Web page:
Despite attempts to present Neom as being separate from Saudi Arabia’s wider political system, it was none-the-less the venue for the kingdom’s ruler, King Salman bin Abdulaziz Al Saud, to increase tensions with regional enemy Iran.
King Salman & Neom
King Salman used his annual address to urge the world to take “a decisive stance” to prevent Iran from developing nuclear and ballistic missile programmes.
He said: “The kingdom stresses the dangers of Iran’s regional project, its interference in other countries, its fostering of terrorism, its fanning the flames of sectarianism and calls for a decisive stance from the international community against Iran that guarantees a drastic handling of its efforts to obtain weapons of mass destruction and develop its ballistic missiles programme.”
He made the speech from his palace in Neom.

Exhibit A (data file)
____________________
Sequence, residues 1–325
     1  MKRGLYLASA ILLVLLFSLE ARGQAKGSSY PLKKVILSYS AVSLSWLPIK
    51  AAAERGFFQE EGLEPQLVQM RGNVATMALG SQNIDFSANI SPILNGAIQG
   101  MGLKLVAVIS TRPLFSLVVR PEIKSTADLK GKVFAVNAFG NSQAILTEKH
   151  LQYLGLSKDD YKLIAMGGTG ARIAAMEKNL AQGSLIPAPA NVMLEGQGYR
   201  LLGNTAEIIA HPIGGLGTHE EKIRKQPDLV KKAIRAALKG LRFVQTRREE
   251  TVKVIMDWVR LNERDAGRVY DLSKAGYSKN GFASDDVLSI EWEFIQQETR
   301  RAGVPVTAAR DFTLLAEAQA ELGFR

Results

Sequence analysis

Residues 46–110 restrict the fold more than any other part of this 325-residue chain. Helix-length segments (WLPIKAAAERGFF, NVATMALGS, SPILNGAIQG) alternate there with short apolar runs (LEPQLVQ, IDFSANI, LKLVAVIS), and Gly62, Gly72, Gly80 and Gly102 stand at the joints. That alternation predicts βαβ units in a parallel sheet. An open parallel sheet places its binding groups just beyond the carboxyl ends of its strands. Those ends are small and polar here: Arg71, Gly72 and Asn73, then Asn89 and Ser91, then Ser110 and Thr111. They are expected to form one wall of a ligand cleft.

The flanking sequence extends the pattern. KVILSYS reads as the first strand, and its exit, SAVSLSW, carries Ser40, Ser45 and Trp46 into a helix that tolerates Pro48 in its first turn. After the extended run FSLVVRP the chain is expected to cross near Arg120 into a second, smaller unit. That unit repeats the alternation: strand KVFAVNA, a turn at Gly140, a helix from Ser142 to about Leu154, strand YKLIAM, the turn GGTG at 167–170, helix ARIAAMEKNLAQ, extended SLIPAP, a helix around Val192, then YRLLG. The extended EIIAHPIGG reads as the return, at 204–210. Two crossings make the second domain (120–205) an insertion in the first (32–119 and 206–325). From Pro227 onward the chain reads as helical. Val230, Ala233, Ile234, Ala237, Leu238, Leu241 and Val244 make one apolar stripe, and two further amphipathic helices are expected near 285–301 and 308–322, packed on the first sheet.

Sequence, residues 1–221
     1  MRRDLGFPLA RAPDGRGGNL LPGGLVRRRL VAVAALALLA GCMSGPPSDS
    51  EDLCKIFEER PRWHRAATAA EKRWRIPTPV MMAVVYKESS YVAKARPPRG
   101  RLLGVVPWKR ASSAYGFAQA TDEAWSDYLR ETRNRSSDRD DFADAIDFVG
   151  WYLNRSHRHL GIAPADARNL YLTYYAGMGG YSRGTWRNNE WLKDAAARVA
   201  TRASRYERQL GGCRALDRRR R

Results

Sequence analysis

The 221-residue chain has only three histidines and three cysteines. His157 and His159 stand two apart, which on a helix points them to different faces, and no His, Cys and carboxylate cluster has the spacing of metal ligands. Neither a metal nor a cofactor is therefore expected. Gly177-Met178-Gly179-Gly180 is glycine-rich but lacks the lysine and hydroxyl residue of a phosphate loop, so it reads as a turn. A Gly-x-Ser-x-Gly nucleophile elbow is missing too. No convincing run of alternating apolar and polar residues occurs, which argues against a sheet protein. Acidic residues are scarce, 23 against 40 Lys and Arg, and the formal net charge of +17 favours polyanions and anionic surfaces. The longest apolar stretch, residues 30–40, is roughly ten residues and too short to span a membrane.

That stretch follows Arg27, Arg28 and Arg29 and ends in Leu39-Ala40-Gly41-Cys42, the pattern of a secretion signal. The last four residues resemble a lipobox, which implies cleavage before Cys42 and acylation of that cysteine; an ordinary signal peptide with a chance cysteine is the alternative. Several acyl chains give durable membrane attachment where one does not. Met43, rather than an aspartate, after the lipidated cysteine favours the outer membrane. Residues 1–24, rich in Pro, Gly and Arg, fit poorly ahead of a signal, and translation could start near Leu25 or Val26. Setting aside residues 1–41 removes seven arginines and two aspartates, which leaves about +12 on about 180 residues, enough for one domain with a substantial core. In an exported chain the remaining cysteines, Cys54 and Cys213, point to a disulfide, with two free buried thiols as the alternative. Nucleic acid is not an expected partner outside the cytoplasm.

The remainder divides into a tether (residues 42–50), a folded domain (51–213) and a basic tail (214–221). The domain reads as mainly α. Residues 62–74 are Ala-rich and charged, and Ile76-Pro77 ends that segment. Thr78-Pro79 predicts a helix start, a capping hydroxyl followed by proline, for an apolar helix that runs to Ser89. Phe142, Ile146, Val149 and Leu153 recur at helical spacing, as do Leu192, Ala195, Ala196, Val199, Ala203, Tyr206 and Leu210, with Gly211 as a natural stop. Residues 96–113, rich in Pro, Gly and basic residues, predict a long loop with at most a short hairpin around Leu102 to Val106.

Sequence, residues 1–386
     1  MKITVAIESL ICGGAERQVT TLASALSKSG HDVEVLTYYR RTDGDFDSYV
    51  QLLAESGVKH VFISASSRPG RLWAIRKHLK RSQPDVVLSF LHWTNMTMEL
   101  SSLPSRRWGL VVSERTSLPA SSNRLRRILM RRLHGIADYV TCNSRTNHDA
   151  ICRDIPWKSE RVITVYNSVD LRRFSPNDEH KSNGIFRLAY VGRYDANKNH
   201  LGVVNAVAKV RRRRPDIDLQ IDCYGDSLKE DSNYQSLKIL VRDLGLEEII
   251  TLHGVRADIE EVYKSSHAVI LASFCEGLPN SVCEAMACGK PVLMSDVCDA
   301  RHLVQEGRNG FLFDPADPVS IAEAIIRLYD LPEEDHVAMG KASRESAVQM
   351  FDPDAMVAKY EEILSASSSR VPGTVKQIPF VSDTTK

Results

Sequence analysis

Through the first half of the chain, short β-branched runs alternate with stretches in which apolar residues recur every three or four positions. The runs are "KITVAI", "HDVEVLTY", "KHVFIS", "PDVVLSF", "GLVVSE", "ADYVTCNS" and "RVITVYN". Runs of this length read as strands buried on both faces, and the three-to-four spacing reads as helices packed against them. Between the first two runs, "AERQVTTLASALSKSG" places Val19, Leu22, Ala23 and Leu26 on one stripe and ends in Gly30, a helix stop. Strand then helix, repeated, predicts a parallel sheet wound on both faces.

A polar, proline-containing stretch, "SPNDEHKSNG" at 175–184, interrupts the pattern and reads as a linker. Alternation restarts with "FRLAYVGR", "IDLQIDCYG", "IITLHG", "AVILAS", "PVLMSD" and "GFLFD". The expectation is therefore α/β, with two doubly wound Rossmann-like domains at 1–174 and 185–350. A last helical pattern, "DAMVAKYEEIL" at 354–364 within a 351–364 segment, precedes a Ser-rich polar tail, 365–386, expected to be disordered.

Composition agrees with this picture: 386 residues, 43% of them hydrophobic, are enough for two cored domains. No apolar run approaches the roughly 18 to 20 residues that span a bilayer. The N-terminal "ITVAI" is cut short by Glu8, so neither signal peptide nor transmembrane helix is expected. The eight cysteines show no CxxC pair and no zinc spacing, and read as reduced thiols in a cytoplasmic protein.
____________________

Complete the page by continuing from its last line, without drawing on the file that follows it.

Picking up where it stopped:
Saudi Arabia and Iran are longstanding enemies, and continue to fight a proxy conflict in Yemen, where Saudi forces have led a coalition of states in a brutal war on the Iran-backed Houthi rebels, which has cost tens of thousands of lives and brought about a humanitarian crisis.
Until 2018, a deal was in place whereby Iran would cut back its nuclear programme in return for an easing of sanctions. The agreement was torn up by outgoing US president Donald Trump – to the delight of Saudi Arabia. US president-elect Joe Biden has said he plans to “reassess” the US-Saudi relationship, which could cause concern to Saudi leaders.
Recent reports also indicate that Trump looked into military strikes on Iran’s capabilities after his electoral defeat.
This episode shows that far from being a neutral space for fun, entrepreneurship and clean energy – as the publicity suggests – Neom remains a key part of the Saudi machine. King Salman urging the ramping up of tensions in the region from Neom shows how central the “modern utopia” remains to the regime, and will perhaps act as a wake-up call to potential investors unwilling to be associated with the brutal Saudi government.
Meanwhile, Biden’s ascension to the presidency in the US could spell trouble for the Saudi regime, which has often relied on Trump’s backing after scandals such as the Yemen war and the murder of journalist Jamal Khashoggi.